Fines totalling $309,000 were imposed on officers who dumped fish at sea from the Korean trawler Melilla 201 that has already been sold and is heading for the breaker’s yard in India.
The trawler captain, Kyung Jin Kim, is now operating a different vessel off the Falkland Islands in the South Atlantic.
The Melilla 201 was seized after its two voyages off the New Zealand coast in 2011, which led to the master, vice captain, and factory manager being charged. Indonesian crewmen gave evidence at the Christchurch District Court trial.
Judge Alistair Garland found the three guilty his decision on the judge-alone trial in October. None of them were present for the sentencing today and the Crown has admitted that none of the large fines imposed in earlier fisheries cases involving foreign crews have ever been paid.
The Melilla was held at the Port of Otago after its seizure and was sold by court order in December for $200,000. A website which tracks these vessels indicates it is now in port in India where it is believed it will be scrapped.
Judge Garland said it was hard to believe that these factory-trawlers, with sophisticated gear aboard, were worth so little, and this one would be “turned into trash”.
But the prosecutor for the Ministry of Primary Industries, Chris Lange, explained that the vessel’s certificate of seaworthiness had expired while it was held under seizure in Port Chalmers, and it was extremely expensive to get the survey work done to have the certificate renewed.
Judge Garland found that the vessel had dumped 260 tonnes of hoki on the first trip, and 120 tonnes of barracuda on the second voyage. The benefit to the company from dumping fish and then catching higher value fish for processing was US$279,000.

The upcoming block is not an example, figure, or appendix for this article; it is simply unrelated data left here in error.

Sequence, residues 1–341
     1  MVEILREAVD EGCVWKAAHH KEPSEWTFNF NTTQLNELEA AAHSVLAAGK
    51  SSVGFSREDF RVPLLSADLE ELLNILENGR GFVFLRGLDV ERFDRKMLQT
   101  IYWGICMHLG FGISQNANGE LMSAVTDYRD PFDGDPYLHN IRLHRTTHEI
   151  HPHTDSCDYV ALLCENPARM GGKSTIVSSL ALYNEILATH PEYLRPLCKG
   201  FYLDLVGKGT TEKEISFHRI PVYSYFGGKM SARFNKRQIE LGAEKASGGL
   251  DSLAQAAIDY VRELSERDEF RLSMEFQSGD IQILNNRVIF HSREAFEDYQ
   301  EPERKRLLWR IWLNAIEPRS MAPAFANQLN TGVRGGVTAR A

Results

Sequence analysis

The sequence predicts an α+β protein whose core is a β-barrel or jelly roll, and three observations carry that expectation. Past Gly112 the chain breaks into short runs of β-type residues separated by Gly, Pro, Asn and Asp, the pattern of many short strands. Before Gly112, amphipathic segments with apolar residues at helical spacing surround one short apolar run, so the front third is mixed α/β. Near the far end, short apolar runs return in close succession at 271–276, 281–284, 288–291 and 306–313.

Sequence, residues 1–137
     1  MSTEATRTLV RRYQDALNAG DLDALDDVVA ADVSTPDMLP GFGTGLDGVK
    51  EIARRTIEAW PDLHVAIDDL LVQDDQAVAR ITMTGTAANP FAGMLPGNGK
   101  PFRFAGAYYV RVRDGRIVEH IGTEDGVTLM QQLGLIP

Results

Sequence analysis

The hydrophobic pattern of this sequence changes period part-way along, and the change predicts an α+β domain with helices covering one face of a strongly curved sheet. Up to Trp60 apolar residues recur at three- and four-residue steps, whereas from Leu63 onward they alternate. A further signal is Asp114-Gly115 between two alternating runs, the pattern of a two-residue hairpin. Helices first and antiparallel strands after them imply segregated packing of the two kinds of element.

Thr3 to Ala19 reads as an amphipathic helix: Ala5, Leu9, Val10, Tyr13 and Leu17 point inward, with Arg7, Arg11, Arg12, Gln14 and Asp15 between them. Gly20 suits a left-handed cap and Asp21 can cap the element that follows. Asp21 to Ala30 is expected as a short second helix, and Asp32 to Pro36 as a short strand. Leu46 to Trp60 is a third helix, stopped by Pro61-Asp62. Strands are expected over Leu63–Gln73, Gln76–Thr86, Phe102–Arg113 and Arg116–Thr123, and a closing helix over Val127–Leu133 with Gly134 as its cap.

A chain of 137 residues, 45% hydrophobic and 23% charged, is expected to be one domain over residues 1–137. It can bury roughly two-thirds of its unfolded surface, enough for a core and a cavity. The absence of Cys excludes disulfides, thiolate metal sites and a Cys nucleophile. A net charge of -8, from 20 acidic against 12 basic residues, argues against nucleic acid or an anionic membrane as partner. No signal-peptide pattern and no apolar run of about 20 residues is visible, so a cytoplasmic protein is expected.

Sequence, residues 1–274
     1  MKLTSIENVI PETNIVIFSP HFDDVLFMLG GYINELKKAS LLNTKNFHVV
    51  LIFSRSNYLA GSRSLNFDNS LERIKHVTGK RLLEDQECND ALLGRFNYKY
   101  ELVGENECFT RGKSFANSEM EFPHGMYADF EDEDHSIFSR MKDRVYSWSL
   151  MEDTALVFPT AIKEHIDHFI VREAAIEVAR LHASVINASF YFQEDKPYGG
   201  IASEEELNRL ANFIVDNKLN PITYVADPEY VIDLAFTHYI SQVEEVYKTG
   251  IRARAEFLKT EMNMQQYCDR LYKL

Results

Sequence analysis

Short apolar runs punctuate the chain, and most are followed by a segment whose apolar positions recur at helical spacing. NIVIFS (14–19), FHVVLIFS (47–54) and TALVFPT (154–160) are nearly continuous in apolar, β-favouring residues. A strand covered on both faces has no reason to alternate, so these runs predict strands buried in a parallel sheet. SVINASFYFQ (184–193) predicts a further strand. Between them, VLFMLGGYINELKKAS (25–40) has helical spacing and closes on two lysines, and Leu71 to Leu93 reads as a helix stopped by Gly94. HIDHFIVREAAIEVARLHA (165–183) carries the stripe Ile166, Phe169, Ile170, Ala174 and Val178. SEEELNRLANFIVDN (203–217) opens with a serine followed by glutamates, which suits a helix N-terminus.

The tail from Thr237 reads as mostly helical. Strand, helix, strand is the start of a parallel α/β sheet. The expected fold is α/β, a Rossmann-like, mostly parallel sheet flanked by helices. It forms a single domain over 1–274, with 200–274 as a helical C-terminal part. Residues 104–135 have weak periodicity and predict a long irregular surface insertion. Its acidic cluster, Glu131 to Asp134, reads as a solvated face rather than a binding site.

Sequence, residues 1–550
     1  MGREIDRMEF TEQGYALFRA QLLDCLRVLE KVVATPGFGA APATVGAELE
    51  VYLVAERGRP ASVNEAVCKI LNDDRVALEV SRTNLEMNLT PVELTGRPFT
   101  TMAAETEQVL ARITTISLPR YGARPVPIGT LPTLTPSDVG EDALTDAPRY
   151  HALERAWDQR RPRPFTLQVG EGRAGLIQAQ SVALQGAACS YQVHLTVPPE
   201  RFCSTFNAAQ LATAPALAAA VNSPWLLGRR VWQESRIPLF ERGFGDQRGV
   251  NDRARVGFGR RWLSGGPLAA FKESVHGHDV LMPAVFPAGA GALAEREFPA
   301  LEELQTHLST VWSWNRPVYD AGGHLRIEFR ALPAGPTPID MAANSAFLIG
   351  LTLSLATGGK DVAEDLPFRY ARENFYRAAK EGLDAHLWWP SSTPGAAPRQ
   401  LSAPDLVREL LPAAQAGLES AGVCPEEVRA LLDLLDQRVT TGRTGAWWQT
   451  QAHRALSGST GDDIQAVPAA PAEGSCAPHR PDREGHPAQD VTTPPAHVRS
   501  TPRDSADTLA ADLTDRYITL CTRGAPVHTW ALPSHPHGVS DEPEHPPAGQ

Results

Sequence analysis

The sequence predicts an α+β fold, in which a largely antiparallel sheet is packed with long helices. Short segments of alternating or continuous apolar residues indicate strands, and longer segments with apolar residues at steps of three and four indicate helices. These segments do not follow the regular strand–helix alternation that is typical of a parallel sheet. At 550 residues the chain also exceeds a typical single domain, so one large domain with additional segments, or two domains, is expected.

He said it was a case where the vessel was catching as much fish as possible irrespective of the on-board factory’s ability to process it in a given time. The discarding of the unprocessed fish resulted from “sloppy, negligent fishing practices”.
He imposed fines of $98,000 on Kim, who had been represented at the trial and raised issues about his ability to pay fines. The judge said he believed Kim would be able to pay the fine from his present and future earnings. Kim was found guilty of fish dumping, and admitted making false or misleading reports on the vessel’s catch returns.
He had no information about the personal circumstances of the other two men.
He imposed fines totalling $112,000 on the vice captain, Soon Chor Hong, who was found guilty on charges of fishing dumping, and filing false or misleading returns.
The factory manager, Il Son, was fined $99,000 on the charges of fish dumping.